Bob is a bartender in his cousin Marv’s bar. He is lonely and there’s a heaviness that hangs over his life. He plods from day to day. He is quiet and it’s not a stretch to imagine that he is the flickering dim bulb in the sign. Then he finds a dog in the trash.

“Cassius” changes everything. Bob’s dog needs and loves him. With the help of Nadia, the woman who saw Bob pull Cassius out of the trash, he learns how to take care of a dog. Also, as Bob’s neighborhood Catholic church is scheduled for closure, his life veers even further away from the tedium and routine he had accepted.

Lehane has added more about what gives the book its title: Marv’s little bar is a drop for the Chechen mafia. He has enlarged the part of Eric, Nadia’s psycho ex-boyfriend. He’s added an NYC detective. There’s a little more about Bob’s life, and maybe that’s the problem. It’s both too much and not enough. A lot depends on Bob’s character. The resolutions of the short story and the novel are mostly the same, but the hit from the short story has more punch because we’ve only had a short time to process what’s happening to Bob.

Those bang-up twists at the end are stellar. That part is pure Lehane. The story of “Cassius” is intact from the short story and it, too, is wonderfully rendered. Even though I felt the book’s rhythm was a little bumpy, I would and could never NOT recommend a Lehane book.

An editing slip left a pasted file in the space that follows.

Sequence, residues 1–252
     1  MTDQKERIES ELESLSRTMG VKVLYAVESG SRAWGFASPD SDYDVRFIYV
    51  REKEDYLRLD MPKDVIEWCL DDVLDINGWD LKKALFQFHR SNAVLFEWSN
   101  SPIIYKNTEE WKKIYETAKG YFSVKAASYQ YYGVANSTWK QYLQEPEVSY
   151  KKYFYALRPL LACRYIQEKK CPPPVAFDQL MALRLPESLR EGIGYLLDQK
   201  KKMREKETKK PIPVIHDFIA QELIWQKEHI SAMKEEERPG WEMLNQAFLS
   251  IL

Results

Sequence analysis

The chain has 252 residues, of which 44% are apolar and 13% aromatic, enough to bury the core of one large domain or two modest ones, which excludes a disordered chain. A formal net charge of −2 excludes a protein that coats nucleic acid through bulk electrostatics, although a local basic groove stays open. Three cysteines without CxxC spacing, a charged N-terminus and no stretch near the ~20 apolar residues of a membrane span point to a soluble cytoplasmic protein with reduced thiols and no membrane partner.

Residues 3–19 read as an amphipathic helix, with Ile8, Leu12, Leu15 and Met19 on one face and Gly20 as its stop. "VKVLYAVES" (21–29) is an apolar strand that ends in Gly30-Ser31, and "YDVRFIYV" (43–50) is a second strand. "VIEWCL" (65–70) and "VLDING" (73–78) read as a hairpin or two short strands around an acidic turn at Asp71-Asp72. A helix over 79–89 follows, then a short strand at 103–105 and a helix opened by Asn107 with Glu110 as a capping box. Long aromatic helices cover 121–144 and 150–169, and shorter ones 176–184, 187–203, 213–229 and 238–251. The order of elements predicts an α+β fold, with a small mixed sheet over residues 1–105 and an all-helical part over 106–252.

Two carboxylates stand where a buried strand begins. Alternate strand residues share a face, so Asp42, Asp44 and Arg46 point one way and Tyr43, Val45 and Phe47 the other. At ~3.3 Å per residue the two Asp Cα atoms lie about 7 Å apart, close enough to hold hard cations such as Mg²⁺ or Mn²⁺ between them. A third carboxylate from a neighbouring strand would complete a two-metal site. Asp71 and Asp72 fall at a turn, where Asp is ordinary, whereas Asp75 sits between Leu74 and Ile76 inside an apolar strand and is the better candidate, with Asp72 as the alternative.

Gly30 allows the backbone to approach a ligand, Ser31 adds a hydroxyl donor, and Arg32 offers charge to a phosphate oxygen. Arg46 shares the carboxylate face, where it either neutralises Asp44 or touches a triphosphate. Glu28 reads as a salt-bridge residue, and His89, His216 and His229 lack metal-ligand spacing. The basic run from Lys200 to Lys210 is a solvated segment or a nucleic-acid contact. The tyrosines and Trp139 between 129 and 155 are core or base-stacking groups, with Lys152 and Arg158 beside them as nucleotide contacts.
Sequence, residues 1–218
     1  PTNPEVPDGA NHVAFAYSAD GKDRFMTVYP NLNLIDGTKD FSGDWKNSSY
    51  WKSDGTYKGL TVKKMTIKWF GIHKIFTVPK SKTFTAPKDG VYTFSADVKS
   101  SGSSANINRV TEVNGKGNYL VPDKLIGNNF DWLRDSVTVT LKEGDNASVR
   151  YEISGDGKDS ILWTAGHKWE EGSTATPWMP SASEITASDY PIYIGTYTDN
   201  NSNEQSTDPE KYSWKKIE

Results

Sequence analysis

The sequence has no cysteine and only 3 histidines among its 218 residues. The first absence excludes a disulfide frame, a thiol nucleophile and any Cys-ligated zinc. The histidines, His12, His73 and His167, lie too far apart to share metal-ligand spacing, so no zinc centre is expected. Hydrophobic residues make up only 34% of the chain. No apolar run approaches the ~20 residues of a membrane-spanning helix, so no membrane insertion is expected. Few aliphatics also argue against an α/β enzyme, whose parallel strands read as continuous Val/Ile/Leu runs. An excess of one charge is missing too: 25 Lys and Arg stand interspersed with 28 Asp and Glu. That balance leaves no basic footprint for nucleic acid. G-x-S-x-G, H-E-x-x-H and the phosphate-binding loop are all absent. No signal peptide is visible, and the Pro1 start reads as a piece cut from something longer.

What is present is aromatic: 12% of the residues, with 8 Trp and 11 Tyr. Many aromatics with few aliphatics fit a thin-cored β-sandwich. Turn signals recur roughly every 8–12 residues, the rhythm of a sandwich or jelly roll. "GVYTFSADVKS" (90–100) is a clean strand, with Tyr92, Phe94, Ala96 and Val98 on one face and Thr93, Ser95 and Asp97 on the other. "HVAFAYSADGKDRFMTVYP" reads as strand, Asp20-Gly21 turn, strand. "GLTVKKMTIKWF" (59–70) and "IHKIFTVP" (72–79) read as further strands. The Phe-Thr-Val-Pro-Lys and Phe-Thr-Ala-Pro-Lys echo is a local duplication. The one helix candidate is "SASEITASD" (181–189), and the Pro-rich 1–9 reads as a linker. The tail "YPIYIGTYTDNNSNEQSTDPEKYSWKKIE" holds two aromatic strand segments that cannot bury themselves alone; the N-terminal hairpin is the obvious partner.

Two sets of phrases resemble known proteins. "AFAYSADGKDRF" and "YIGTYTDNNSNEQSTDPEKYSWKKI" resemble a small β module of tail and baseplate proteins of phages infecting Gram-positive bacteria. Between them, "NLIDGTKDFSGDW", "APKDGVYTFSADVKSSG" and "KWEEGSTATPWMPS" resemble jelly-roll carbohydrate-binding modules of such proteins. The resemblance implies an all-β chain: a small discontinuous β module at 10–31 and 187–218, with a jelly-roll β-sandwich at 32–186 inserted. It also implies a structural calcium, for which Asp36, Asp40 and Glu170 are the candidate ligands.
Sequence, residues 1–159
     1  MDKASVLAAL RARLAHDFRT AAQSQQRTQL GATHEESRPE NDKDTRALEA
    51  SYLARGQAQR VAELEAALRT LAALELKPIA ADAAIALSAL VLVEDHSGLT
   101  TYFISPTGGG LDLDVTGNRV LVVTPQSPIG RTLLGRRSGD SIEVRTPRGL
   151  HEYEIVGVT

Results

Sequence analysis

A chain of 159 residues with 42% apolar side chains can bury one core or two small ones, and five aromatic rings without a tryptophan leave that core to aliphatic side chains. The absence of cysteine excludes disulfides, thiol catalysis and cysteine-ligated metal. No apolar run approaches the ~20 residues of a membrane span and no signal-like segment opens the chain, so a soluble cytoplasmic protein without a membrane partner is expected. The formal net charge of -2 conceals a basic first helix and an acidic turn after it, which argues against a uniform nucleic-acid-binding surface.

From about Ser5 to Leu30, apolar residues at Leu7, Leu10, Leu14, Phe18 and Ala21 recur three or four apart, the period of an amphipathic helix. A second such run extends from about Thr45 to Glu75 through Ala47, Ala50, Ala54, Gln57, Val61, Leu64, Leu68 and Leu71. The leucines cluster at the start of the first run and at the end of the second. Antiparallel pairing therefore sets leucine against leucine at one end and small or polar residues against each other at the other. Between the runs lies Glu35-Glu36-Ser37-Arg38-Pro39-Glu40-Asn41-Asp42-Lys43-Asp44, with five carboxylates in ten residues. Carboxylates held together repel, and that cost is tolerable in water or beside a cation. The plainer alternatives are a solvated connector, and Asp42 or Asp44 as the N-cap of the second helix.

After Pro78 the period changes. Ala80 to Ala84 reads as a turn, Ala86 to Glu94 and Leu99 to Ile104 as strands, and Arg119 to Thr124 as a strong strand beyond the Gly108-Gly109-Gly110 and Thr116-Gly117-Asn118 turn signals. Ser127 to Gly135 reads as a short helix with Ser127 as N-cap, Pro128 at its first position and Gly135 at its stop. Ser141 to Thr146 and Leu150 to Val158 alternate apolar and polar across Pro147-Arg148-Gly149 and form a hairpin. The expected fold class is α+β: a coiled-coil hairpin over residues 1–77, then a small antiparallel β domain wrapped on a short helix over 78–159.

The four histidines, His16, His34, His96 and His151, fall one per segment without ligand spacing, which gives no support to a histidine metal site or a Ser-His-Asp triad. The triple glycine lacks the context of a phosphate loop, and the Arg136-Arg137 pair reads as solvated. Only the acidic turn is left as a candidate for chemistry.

Sunday, October 19, 2014

Voices by Arnaldur Indridason

Picador, 336 pages, $16 (c2002)

Icelanders are only concerned with first names, I’ve discovered by reading Arnaldur’s books. The last names, for the most part, are patronymic, reflecting a person’s father’s or, more unusually, mother’s name, so carrying on family surnames is rare. Unusual first names are also rare, since all first names must be vetted by the Icelandic Naming Committee.

“Voices” is the fifth book in Arnaldur’s series featuring police detective Erlendur, but the first two books have never been translated into English. Not all of Iceland, despite an insistent assumption on our part, is uniformly icebound and cold. In “Voices,” the setting is Reykjavik near Christmas, and the streets are bare until just before Christmas when the snow begins to fall.